ruthless compassion (aroraborealis) wrote,
ruthless compassion

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lago de atitlan

Lago de Atitlan was amazingly beautiful. It's an enormous lake at around 6000 feet (roughly?), surrounded on all sides by steep sloping mountains, including 3 volcanoes. Yeah, very nice.

Saturday morning, we got up very early to catch a bus to the terminal, another bus partway there, another bus another partway there, and then a final bus to Panajachel, the touristy town (known as Gringotenango to Guatemalans), where we stashed our bags at a restaurant and spent a couple of hours shopping. Pana is right on the lake, very lovely, quite a lot warmer than Xela, and humid. It's a major tourist destination (as are almost all the towns on the lake), so it's also a major place to shop -- the main road is lined with little shops, with people set up in booths and tables, and women, men, and children trolling along the street to get people to buy things. Right now is the low season, tourist-wise, here, so we were typically followed for several blocks by people wanting to sell things. One kid selling wood carvings followed us for more than an hour, until my friend Amy finally gave in and bought a pretty wood carving for Q20 (about $2.50), although his original price had been Q80 ($10). Kinda depressing, actually.

Lots of kids out and about on the street, most of whom would approach in a big crowd requesting "¡un quetzal! ¡un quetzal!" I wonder what it's like when there are more tourists, but with more vendors and beggars than tourists this weekend, it was pretty overwhelming.

After lunch, we caught the slow boat across the lake -- it's a big ferry, and took about an hour, and it was totally gorgeous. We went to Santiago Atitlan, a town nestled between two of the volcanoes, and set in a pretty cove. Despite the beautiful setting, the town was shabby and run-down, and, if it's possible, had more kids begging for quetzales than Pana.

We settled into our hotel, where the school has stayed before, Amy and I rooming with the coordinator's sister (who's visiting from Holland) in a room with a private bathroom (lucky us!). While hanging out relaxing before the first conference, I saw the biggest cockroach I've ever seen strolling across the floor. Completely disgusting. Another student and his 3 yo son saved us by coming in and (shudder) picking it up and taking it outside!!! I can't believe he picked it UP!! But, as Amy pointed out, even more, we can't believe he then ATE WITH HIS HANDS later that night. Ew. Then we saw an enormous spider (not gross, but a little too close to the beds for comfort), and Ryan and Herb came to our rescue again. When we saw the next monster cockroach, we had to ask the hotel to reclean the room and spray down some Raid. Ick.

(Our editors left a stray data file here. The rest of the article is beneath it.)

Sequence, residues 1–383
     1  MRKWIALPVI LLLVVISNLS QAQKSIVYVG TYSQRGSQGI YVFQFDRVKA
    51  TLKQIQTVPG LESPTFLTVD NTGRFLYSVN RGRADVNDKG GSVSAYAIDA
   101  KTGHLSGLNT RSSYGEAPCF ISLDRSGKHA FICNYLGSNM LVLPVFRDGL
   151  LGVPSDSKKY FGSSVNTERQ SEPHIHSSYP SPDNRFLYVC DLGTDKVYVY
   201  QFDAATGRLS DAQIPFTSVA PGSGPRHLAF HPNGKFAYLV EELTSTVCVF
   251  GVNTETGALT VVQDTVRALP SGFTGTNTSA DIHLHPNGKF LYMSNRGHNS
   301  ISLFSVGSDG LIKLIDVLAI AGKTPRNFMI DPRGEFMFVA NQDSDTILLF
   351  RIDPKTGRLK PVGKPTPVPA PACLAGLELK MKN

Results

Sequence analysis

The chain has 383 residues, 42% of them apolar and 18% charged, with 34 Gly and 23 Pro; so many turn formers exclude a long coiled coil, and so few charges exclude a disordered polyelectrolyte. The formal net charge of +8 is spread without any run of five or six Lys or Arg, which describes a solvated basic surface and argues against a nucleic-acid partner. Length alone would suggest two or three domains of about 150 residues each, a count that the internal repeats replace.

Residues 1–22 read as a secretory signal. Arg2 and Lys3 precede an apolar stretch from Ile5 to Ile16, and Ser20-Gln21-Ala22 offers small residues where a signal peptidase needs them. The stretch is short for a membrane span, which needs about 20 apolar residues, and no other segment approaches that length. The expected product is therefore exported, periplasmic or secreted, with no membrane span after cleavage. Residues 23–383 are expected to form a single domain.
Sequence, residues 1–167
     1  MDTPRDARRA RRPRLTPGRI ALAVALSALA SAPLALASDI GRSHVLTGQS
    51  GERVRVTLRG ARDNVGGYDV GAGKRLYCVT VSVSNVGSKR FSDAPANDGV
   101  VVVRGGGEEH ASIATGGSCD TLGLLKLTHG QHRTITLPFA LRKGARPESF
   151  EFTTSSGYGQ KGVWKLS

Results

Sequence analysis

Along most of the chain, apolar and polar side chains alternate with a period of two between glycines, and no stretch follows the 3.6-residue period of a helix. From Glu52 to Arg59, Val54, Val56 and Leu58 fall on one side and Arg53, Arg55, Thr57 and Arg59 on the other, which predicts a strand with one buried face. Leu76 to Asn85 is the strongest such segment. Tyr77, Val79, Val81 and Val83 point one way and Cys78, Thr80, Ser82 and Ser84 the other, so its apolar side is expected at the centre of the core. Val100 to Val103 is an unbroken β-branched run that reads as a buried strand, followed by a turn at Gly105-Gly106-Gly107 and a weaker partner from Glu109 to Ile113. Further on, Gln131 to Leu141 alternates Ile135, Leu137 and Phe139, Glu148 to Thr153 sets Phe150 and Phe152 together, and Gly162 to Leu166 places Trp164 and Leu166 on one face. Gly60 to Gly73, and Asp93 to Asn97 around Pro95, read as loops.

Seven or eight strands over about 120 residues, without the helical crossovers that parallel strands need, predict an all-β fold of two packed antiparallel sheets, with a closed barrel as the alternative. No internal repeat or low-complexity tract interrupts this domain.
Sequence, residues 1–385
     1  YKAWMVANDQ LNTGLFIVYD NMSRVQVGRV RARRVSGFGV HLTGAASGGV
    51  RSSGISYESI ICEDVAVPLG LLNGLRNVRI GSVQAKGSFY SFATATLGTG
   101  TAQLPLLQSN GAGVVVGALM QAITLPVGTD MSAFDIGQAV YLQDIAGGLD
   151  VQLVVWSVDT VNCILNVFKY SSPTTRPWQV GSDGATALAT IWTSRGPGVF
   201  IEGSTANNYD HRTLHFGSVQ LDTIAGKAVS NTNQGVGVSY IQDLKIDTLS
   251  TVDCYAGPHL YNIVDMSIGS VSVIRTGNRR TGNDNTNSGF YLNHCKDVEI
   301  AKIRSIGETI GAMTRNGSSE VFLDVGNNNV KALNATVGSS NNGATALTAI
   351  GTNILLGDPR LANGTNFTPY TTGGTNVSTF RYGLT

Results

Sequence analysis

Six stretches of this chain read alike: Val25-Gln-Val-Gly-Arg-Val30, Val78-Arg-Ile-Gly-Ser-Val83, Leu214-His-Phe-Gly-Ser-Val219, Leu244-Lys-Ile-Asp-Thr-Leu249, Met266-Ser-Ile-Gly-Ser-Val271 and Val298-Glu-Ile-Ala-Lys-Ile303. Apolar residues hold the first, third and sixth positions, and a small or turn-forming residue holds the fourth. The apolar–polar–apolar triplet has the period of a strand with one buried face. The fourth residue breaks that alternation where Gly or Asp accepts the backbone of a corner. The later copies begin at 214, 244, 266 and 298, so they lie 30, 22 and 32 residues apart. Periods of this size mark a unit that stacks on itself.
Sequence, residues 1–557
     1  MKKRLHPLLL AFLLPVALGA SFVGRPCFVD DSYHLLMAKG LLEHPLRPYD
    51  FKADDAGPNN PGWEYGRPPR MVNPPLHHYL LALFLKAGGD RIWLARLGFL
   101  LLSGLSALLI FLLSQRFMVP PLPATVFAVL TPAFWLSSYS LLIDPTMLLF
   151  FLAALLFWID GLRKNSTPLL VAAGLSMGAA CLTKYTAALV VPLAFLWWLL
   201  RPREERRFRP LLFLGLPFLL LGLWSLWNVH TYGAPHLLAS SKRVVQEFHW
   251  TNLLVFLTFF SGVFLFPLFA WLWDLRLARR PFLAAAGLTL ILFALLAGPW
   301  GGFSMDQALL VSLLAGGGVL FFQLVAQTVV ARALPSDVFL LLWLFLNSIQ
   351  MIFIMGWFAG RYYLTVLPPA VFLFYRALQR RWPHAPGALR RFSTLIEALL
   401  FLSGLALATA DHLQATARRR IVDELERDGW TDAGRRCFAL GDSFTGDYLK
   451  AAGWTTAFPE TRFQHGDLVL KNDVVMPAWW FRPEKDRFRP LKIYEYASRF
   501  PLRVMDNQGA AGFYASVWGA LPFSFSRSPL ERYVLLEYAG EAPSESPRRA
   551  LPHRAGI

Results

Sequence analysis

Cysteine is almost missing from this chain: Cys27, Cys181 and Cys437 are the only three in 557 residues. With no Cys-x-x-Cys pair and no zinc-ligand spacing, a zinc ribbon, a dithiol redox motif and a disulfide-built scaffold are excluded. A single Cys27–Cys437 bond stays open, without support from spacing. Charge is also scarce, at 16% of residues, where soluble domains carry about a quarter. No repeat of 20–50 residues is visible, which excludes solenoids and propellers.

So, after being thoroughly grossed out by our compañeros de cuarto, we took a couple of pickups to the local radio station, the Voz de Atitlan, which does some really cool educational work in the department, and suffered badly under the hands of the army when the town was occupied in the 80s and early 90s.

Then dinner, a game of 5000, and I was exhausted and had to go to bed. Of course, I was all grossed out about the critters, so I didn't sleep at all well, which is why I now have a killer cold, I suspect. Early morning on Sunday, a typical breakfast of eggs, beans, fruit, and another conference.

This conference was with a fellow who had been involved in the guerrillas during the civil conflict, and he talked about the experience of Santiago during this time. They suffered badly under the presence of the army, although no one is entirely sure why they were targeted. It's likely related to the strong indigenous population and community that they had, and still, to some degree, retain. This was one of the few places I've been where even the men where traditional traje. Also, the primary language was one of the Mayan dialects, not Spanish.

Of course, this meant that the army occupation here was brutal, as when people didn't understand the army officers who spoke spanish, they would be threatened or killed. People taking food and water with them to the fields to work would be accused of bringing food for the guerrillas and kidnapped or killed. Same story as in much of the country, but pretty intense to hear it from someone who lived there.

What makes Santiago special is that in 1990, the town, without any pre-planning or particular coordination, rose up against the army in a nonviolent and coordinated way, to ask the army to leave. What followed was, needless to say, a massacre, but the end result was that the army did have to leave, and the town got concessions from the government that included the army not being allowed in or near the town.

So, the time there was pretty intense, and I was fairly exhausted by the end (I helped with translating both conferences). The boat ride back to Pana was nice, but I kept almost falling asleep, and getting that annoying neck twitch, so that was unfortunate. After that, we ran the vendor gauntlet again to get to the bus stop, and caught the last direct bus to Xela -- much nicer than changing several times!

So, a nice weekend, but exhausting, and I discovered, upon arriving home, that my magic makes-colds-manageable medicine had all leaked out of the bottle, so that was a bummer. Despite that, I slept a good 10 hours, and I hope I'll be rid of this cold within a day or two. And today, back to school!

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